How New Zealand went 100 days with no community coronavirus transmission
Published Monday, August 10, 2020 4:42AM EDT
In this March 21, 2020, file photo, New Zealand Prime Minister Jacinda Ardern holds up a card showing a new alert system for COVID-19 in Wellington, New Zealand. (AP / Nick Perry, File)
New Zealand has marked an enviable milestone -- more than 100 days since its last coronavirus case was acquired locally from an unknown source.
As of Monday, the country had reported 1,219 confirmed cases, including just 21 active infections, all in managed isolation facilities. No cases had emerged via community transmission in 100 days, authorities announced Sunday, with all new infections coming from abroad.
In total, the island nation of 5 million people has reported 22 coronavirus deaths.
While other countries -- including Pacific neighbor Australia and the United States -- continue to battle outbreaks, New Zealand has been held up as an example of how to fight COVID-19. One key reason is that although the country appears to have the coronavirus under control, authorities are still testing thousands of people a day.
"We have seen overseas how quickly the virus can reemerge and spread in places where it was previously under control," Director-General of Health Dr. Ashley Bloomfield said Sunday.
"We need to be prepared to quickly stamp out any future cases in New Zealand. Don't let the team down -- none of us can afford to do that."
How New Zealand did it
New Zealand's strategy was simple: in the words of Prime Minister Jacinda Ardern, the country had to "go hard, and go early."
When Ardern closed the border to foreigners on March 19, the country only had 28 confirmed cases. And when she announced a nationwide lockdown on March 23, there were only 102 confirmed cases -- and no deaths.
New Zealand's lockdown was relatively strict -- no takeaways, no beaches, and no driving outside of your neighborhood. The strictest rules were in place for around five weeks, but the country remained under effective lockdown for a further two weeks.
That was all part of the country's broader strategy: elimination.
"Elimination does not mean eradicating the virus permanently from New Zealand; rather it is being confident we have eliminated chains of transmission in our community for at least 28 days and can effectively contain any future imported cases from overseas," according to the Ministry of Health's website.
New Zealand waited until it had brought its curve right down before it lifted restrictions. On June 8, when Ardern announced that all restrictions would be lifted, almost 40,000 tests in the previous 17 days hadn't yielded a single positive result.
Since June, the country has been almost back to normal -- and there hasn't been a need to return to lockdown.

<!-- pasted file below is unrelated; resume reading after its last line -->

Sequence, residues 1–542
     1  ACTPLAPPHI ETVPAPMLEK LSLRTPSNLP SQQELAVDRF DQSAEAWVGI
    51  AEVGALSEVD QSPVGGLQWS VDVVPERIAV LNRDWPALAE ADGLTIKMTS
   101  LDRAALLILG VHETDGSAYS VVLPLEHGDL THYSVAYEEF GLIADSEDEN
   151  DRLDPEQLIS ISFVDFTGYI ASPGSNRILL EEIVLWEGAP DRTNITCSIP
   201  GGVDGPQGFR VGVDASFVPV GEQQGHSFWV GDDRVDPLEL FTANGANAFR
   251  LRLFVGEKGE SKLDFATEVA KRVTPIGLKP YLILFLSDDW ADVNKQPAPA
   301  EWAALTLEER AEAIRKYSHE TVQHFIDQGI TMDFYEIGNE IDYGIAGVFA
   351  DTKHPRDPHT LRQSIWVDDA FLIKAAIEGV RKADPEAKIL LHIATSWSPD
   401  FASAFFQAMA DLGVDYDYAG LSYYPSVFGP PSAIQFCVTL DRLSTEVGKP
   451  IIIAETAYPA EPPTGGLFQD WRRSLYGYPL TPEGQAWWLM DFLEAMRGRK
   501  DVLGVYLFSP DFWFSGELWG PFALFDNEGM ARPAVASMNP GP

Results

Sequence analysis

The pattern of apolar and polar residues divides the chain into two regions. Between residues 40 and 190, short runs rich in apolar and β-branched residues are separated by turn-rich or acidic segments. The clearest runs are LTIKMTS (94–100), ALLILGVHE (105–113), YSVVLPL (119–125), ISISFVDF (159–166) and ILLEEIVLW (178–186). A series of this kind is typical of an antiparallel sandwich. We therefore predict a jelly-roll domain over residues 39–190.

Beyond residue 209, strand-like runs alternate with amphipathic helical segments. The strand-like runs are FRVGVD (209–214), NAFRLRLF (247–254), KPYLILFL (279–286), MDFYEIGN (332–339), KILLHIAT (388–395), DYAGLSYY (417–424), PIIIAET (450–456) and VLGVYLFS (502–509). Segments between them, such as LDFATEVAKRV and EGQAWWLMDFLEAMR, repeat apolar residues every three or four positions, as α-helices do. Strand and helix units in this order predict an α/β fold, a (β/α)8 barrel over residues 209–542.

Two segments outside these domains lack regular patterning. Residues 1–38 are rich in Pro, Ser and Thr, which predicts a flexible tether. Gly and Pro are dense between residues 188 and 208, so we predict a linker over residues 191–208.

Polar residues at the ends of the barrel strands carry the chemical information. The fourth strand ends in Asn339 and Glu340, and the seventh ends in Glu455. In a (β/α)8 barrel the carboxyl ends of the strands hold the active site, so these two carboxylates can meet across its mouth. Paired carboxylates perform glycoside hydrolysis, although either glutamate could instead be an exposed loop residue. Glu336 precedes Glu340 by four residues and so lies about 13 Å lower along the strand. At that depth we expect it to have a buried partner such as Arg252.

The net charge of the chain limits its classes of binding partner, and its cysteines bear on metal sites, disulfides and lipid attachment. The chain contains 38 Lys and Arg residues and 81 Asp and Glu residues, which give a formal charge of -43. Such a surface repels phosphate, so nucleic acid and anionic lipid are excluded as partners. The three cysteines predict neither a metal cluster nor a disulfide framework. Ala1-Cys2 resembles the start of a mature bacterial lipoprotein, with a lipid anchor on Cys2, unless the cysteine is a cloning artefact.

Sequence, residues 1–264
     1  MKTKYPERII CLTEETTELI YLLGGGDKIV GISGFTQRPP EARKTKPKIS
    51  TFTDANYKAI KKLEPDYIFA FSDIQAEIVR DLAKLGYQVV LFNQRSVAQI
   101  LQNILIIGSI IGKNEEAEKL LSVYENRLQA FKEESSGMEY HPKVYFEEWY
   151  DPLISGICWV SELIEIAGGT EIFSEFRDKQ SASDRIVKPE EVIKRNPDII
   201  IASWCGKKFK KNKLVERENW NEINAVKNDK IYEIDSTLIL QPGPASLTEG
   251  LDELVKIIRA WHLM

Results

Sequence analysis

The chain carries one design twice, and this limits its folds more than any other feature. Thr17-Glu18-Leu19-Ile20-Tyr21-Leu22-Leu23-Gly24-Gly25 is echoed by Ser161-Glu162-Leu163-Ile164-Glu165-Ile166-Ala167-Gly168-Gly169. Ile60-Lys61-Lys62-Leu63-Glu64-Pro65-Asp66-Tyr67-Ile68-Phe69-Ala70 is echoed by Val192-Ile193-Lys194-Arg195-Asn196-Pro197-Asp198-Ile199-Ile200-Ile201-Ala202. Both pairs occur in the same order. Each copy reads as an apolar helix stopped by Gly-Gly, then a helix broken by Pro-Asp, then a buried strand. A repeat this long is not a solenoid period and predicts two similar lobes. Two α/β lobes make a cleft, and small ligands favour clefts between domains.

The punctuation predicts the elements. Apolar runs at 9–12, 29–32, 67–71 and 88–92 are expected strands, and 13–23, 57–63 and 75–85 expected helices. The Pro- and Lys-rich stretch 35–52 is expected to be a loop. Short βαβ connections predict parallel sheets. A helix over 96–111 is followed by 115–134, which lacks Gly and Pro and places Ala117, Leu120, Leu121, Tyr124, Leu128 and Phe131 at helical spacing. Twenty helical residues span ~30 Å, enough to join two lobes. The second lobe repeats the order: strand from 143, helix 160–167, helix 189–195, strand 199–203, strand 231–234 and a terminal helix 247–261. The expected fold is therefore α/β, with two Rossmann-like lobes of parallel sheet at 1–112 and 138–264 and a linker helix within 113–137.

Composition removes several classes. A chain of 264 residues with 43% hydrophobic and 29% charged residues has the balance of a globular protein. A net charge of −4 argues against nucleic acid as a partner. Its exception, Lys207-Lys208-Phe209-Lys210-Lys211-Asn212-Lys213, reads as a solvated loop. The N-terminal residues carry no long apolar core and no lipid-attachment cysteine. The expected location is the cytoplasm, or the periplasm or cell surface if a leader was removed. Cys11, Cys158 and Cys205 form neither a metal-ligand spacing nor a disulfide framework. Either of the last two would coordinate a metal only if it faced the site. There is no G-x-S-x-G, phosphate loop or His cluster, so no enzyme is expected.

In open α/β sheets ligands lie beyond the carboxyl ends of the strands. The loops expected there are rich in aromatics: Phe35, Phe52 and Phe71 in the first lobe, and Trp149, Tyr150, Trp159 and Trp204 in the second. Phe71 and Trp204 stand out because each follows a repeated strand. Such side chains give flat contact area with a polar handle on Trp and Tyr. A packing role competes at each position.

New Zealand also coupled the lockdown with tight border restrictions. Only citizens are allowed to enter the country, and they must spend two weeks in a government-approved facility. New Zealanders returning home will now be charged 3,100 New Zealand dollars (US$2,040) for the facilities if they return temporarily.
In total, 95 confirmed cases have been identified at the border, and 70 per cent of New Zealand's cases were either imported or imported-related cases, according to Ministry of Health statistics.
What New Zealand didn't do
Around the world, there has been a lot of emphasis on wearing face masks to control the spread of coronavirus.
But in New Zealand, masks haven't been a major tool against the outbreak.
There's a few reasons for that. The country doesn't have a culture of wearing masks, and in March -- as New Zealand prepared to go into lockdown -- it was difficult to buy masks in local stores. By the time people were able to go out in public and travel around the country again, there were very few coronavirus cases in New Zealand.
In addition to New Zealand's public health strategies, the country had a few natural advantages.
It has no land borders, giving it more control over who enters the country. And New Zealand is not densely populated -- according to World Bank data, it has only 18 people per square kilometer, compared with 36 in the U.S. and 275 in the United Kingdom. India -- which has the third-highest number of cases in the world -- has 455 people per square kilometer.
But just because face masks haven't been part of New Zealand's strategy in the past, doesn't mean that will be the case in the future. The Ministry of Health is recommending that all households prepare for another possible outbreak by stocking up on masks.
"It's a matter of when, not if," Bloomfield told national broadcaster Radio New Zealand last week, when asked if another community transmission case in New Zealand was inevitable. "We're working on the basis that it could be at anytime."